Jane Fonda in Five Acts
Director Susan Lacy has the great advantage of a subject whose life has been extensively documented literally since birth.
'Les Destinees" is a long, attentive epic about the span of a life and the seasons of a love. It will not appeal to the impatient, but those who like long books and movies will admire the way it accumulates power and depth. It is about youthful idealism, headstrong love and fierce ambition, and is pessimistic about all of them. At the end, its hero, who has accomplished a great deal and always tried to do his duty, can only say, "Everything I've done is worthless. I was always wrong." He's wrong about that, too. The film follows Jean Barnery (Charles Berling), born into a porcelain-manufacturing family in the Limoges region of France. The ruling families here make china and Cognac, laying down their stocks, treasuring their vintages, transferring power in an orderly way from one generation to the next.
Jean steps outside the mold. He leaves the family business and becomes a Protestant minister, filled with conviction. When he learns that his wife Nathalie (Isabelle Huppert) may have had affection for another, he divorces her. She is probably innocent (certainly of any physical adultery), but he has read a compromising letter and there is no room in his heart for forgiveness. So concerned is he to appear just in the eyes of the world, however, that he signs over the bulk of his fortune to Nathalie and their daughter, Aline.
In the congregation one day is Pauline (Emmanuelle Beart), just returned from study in England. She loves this stiff and proper man with an inexplicable passion, and soon they have married. He leaves the church. He grows ill, and they move to a chalet in Switzerland for his health, and there they are happy, living a simple life, alone with each other. Then Jean's father dies, and he is summoned home to take over the firm from his brother, who is incapable of running it. Jean gets the necessary takeover votes from Nathalie, who continues to think of herself as his wife. Pauline is against the move back to the factory: "This is the end of our love." Not really, but the end of the sweet and complicated part of it, because now their love must survive in the real world.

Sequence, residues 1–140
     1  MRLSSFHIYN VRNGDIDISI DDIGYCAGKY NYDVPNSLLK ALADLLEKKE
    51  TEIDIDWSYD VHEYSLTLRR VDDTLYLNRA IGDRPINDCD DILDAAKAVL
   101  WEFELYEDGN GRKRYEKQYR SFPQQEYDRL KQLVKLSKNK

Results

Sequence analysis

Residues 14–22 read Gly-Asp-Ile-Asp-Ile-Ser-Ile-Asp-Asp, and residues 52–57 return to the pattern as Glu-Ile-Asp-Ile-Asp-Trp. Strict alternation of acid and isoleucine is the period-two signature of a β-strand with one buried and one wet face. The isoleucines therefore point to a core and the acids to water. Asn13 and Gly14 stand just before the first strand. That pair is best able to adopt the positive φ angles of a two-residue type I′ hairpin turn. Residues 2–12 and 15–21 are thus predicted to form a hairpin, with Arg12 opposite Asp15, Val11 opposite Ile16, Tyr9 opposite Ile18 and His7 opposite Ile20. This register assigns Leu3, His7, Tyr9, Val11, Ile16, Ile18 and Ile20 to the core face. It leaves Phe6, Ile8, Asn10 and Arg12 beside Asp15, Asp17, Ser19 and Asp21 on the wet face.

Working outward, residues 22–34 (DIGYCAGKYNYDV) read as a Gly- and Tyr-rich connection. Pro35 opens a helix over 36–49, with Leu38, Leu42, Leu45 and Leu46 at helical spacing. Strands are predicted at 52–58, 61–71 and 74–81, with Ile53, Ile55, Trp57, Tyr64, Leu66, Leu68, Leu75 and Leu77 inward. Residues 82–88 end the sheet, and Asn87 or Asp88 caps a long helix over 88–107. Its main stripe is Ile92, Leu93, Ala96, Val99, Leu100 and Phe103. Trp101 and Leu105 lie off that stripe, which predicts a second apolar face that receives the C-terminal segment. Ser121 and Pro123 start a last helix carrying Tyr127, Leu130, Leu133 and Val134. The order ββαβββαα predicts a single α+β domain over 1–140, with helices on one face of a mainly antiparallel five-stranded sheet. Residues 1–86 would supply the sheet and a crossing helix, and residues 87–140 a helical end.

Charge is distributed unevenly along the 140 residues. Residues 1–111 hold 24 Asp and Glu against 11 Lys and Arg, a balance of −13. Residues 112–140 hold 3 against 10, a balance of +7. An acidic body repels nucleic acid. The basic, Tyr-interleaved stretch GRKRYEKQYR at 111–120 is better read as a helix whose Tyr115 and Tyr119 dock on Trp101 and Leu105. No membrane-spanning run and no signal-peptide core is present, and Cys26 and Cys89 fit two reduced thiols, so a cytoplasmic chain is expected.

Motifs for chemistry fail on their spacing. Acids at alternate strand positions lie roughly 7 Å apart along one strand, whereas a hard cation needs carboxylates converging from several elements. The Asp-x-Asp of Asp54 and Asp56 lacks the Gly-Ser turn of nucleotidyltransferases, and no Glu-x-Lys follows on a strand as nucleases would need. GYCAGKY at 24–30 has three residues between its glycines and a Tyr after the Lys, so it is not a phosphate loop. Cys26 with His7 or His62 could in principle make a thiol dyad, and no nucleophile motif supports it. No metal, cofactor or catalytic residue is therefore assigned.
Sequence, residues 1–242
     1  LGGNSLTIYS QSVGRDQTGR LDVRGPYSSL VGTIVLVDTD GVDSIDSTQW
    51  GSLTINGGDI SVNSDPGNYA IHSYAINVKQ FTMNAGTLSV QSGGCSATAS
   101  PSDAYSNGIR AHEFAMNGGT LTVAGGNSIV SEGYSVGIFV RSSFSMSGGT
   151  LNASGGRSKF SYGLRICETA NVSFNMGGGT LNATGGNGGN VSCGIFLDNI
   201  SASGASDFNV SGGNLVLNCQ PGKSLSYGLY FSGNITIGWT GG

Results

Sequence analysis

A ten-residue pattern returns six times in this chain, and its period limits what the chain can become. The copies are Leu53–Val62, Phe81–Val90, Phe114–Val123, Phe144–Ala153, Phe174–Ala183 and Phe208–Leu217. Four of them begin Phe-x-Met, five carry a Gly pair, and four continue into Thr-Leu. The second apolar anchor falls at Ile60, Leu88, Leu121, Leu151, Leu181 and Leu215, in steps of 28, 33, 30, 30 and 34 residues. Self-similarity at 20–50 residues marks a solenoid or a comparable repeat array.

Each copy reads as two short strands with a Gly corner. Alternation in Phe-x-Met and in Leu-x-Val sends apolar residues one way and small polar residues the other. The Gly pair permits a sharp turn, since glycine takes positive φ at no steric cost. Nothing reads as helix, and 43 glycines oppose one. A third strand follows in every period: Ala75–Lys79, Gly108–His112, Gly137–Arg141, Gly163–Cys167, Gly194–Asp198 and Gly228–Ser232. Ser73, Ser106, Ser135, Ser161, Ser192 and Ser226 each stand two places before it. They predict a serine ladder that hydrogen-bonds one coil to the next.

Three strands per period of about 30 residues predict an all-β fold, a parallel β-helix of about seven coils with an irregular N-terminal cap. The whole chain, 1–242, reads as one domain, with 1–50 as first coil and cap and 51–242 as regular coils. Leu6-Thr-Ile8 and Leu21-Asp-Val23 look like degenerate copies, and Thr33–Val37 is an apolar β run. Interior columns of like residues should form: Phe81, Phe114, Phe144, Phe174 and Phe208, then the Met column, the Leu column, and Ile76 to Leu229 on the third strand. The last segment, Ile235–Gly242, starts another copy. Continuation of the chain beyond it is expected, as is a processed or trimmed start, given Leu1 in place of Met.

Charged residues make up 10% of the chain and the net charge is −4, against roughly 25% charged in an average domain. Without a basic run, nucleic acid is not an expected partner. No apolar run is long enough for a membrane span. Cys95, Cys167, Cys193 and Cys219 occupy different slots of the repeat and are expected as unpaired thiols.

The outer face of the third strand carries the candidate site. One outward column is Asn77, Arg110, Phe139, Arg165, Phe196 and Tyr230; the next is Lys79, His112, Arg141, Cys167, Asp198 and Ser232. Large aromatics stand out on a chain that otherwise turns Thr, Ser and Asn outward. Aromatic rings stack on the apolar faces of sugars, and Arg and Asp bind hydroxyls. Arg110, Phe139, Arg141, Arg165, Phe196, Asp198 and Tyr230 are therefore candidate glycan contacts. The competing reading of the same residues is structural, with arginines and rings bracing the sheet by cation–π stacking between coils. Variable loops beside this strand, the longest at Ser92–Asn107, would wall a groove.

The film by Olivier Assayas, written by Jacques Fieschi from a novel by Jacques Chardonne, assumes a French audience as familiar with the traditions and politics of fine porcelain and Cognac as we are with the Detroit auto dynasties. At three hours, the film is long enough to show us how the factory works, and how the laborers, underpaid, are skilled craftsmen alert to the slightest nuance of tone and texture. Jean becomes an artist, driven by his search for colors he likens to the face of the moon, or to seawater, and he is unable to compromise quality even as he pushes for a modern factory.
The film covers more than 30 years, enough to show us how people change and how marriages must change to accommodate them. One of the most startling scenes comes when Jean volunteers for the First World War, and Pauline, visiting him near the front, finds him a crude, rough man, shoveling food into his mouth, made gross by the hard life of the trenches. Later he returns, slowly, to civilization, and even to tenderness, symbolized by a sunny afternoon in their orchard, which both remember as a blessed moment.
Social currents thrust into the complacency of the Barnery family. It faces strikes, Marxist organizers, competition from cheap German goods. The film is remarkable in the way it gains epic sweep without ever descending into the merely picturesque. These are always people living in a real world--except for one scene, toward the beginning, where Pauline stars at a formal dance, her head turning left and then right as she sweeps through the room. Beart, always beautiful, has never looked more radiant, and Jean Barnery agrees.
As long as the film is, there are loose ends. In the dance scene, for example, Pauline is approached by Dahlias (Remi Martin), an ugly-handsome man who inspires much gossip. He is attracted to her, stands too close, speaks with too much familiarity, violates her space, creates a threat, excites our interest. And then disappears from the movie. There is also the sense of something missing in the transition of the daughter, Aline, from an adolescent who is scandalously "seen everywhere" to a young woman who takes the vows of a deaconess and walls herself from the world. But nothing is missing in the central relationship. Jean lives according to his driven inner codes, and Pauline, who loves him, cannot make him happier. But she is able to bring him a perfect example of his new design of china and spread it on the counterpane of his death bed. Their marriage is not perfect but it endures and stands for something. This is not a movie about episodes but about the remorseless bookkeeping of life, which sends such large payments so early, and collects so much interest at the end.
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